A few thoughts after just two games of the Premier League season

Early season expectations, advance of the stats and the time wasting rip-off.

Stats

1      Two games do not a season make

Lots of football followers are getting a bit carried away with how their team will fare this season, even though we are just two games into the Premier League campaign.

Huddersfield are only the second team to keep clean sheets in their opening two Premier League games following promotion from the Championship. The first team to do so were Charlton in 1998-99. And what happened to Charlton that season? Yes, they were relegated.

Hull City had six points after their first two Premier League games last season after promotion. They had beaten champions Leicester in their first game, and then won away at Swansea in their second. Of course, they were relegated at the end of last season.

2      Expected Goals (xG)

We continue to be bombarded with ever-increasing volumes of statistics in football these days, which may be of some interest, but what do they actually prove? Arsenal had 77% possession of the ball at Stoke last weekend and lost the game 1-0. Does that mean it is better not to have the ball too much?

And the latest statistic to come to prominence this season, although it has been around for a while is “expected goals”. I have been reading about this in some detail, and despite quite a liking for statistical analysis (out of interest only), I wonder if this one has been thought through properly. The concept is that they now measure the probability that any given shot will result in a goal. The purpose is to quantify the quality of each chance created, by analysing historical shots (up to one million of them) to assess how the probability of a goal being scored is affected by various factors, such as the distance and angle from the goal, whether the shot was hit by the stronger or weaker foot, or head, the type of assist, and passage of play.

Expected goals (given the shorthand xG) for each individual shot can then be added together to arrive at the expected goals for individual players and for teams. So, for example, in the Arsenal game at Stoke last weekend, the Gunners won the “xG” by 1.48 to 0.67. What does this prove? That they were the better team? Just like possession statistics does it really matter? Stoke won the game 1-0.

And what about potential flaws in the data? What other factors are not taken into account? The quality of the defenders, does the chance occur at the beginning or end of the game, what is the score at the time, are you under greater or less pressure because of league position, the beginning or end of the season, tiredness. These are just some of the factors that have occurred to me, and I’m sure there are many others. There are so many “human dimensional” factors that will influence what will happen in a game of football, and you have to include “luck” too.

Just for interest, in expected goals terms (xG) we lost our opening fixture at Old Trafford 1.93-0.48. Our game at St. Mary’s was a close run thing but we lost that, too, by 2.08-1.96. I’m sure that there are data analysts out there who would prefer the results of matches, and the subsequent league tables to be based on expected goals rather than actual goals! On a lesser scale, instead of extra-time and penalty shoot-outs, perhaps they would like to use xG to determine the result of drawn (actual goals!) cup games? It would be almost impossible to have a drawn xG game, so we would always have a winner.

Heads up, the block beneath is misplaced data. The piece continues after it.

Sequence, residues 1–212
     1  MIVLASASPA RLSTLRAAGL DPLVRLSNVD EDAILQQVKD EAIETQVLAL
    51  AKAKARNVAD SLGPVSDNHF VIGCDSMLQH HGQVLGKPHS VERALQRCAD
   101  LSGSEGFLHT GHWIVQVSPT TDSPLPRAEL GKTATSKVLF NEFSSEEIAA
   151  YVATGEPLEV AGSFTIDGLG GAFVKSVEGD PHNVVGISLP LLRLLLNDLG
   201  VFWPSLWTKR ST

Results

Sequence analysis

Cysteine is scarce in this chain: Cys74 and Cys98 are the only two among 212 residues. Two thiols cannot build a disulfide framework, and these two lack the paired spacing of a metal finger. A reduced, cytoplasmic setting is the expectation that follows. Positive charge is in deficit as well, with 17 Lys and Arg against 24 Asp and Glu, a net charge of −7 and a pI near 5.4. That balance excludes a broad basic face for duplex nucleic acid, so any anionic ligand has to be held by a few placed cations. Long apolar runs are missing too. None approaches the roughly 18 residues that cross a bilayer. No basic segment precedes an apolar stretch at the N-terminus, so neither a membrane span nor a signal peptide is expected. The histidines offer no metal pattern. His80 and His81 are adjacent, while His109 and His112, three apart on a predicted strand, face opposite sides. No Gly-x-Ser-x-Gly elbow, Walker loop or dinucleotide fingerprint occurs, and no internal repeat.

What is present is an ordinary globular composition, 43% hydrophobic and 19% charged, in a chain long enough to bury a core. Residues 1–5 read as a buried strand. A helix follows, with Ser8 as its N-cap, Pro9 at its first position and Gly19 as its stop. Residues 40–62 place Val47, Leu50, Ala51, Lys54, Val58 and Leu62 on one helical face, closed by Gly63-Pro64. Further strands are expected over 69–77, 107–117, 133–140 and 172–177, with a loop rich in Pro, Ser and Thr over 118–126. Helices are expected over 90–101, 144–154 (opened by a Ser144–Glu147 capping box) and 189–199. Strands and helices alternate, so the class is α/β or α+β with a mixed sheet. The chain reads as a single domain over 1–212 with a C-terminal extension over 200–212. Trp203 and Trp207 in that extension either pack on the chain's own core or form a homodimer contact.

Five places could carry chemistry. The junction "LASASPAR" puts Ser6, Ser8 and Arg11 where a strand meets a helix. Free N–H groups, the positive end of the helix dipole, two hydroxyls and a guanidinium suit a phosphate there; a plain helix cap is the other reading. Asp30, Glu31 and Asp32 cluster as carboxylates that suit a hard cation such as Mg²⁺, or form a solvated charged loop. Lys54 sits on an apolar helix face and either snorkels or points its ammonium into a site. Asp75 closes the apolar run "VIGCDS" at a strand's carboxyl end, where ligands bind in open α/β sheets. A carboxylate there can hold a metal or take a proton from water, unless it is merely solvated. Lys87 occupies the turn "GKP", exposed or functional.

What nonsense! Let’s not take this all too far! An interesting insight into performance? Perhaps, yes. Am I missing the point? Perhaps, yes. But let’s not get too carried away. Although if it was based on xG we wouldn’t actually be bottom of the league after two games!

3      Time-Wasting

In June I wrote a series of articles based upon the International Football Association Board (IFAB) rule change proposals. Part 3 of my series looked at their ideas for increasing playing time, which revealed how they were considering dispensing with 45 minute halves in a game of football, and replacing it with two periods of thirty minutes, with the clock being stopped every time the ball went out of play. The purpose was to make the concept of time-wasting a thing of the past, as the clock would not be running unless the ball was in play.

In my article I made reference to Tony Pulis bringing his Stoke City side to play at Upton Park in years gone by and how much time-wasting went on. And in an article I wrote for the much missed fanzine, Over Land and Sea, in November 2015, and also in my book, Goodbye Upton Park, Hello Stratford, my review of West Ham v West Brom (managed by Tony Pulis!) on 29 November 2015 referred to my own timekeeping of the game when I watched it back in replay on Sky Plus. I timed the second half as around 25 minutes of actual playing time.

So I had to smile when I read a piece on the BBC Sport website which referred to last weekend’s Burnley v West Brom match (you know the manager of the away side here!) which timed that the ball was in play for 47 minutes and 40 seconds in total! No game in the premier League has seen less action than this one. The fans are most definitely being short-changed in this respect. Apparently all the games in the Premier League this season have been timed and the ball was in play for more than an hour in just two of them. It’s about time the lawmakers took action and introduced this rule change immediately. It would be so simple. It would totally eliminate the whole concept of time-wasting. What is stopping it from happening?